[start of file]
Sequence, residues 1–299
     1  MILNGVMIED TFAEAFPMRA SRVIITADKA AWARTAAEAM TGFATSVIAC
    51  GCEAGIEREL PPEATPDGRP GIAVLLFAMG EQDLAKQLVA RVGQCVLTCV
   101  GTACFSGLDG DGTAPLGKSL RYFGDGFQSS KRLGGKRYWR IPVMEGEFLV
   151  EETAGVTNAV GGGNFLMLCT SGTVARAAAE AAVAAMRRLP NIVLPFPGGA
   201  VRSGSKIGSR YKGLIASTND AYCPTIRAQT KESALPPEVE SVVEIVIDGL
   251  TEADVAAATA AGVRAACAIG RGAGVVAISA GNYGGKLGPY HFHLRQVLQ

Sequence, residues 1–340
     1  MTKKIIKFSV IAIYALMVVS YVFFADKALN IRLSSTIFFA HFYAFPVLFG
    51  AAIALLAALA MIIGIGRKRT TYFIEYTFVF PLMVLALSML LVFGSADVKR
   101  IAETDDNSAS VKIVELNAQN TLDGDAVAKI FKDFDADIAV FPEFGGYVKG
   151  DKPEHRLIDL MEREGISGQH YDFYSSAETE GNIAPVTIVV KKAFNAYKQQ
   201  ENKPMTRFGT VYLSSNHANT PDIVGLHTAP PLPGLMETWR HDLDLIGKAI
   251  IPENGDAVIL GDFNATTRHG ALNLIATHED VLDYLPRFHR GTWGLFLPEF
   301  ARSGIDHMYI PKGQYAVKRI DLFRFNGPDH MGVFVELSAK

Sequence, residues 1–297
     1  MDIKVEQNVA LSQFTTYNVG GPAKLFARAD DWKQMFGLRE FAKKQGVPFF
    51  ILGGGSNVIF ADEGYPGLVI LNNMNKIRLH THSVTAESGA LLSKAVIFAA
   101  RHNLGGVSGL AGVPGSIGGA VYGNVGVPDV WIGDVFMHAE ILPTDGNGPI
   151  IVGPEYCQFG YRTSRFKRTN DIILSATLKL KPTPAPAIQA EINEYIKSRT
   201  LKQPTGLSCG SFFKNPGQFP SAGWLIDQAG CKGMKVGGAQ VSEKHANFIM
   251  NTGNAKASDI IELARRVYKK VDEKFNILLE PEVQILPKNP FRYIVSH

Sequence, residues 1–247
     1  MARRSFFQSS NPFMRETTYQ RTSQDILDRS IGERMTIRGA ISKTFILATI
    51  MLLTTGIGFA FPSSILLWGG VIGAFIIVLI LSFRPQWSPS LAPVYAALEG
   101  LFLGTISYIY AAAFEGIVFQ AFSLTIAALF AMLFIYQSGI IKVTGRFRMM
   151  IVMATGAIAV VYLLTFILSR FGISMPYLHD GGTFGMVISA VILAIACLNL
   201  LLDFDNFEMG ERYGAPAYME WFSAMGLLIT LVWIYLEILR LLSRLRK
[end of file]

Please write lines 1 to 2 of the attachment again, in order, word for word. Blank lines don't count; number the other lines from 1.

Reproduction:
Sequence, residues 1–299
     1  MILNGVMIED TFAEAFPMRA SRVIITADKA AWARTAAEAM TGFATSVIAC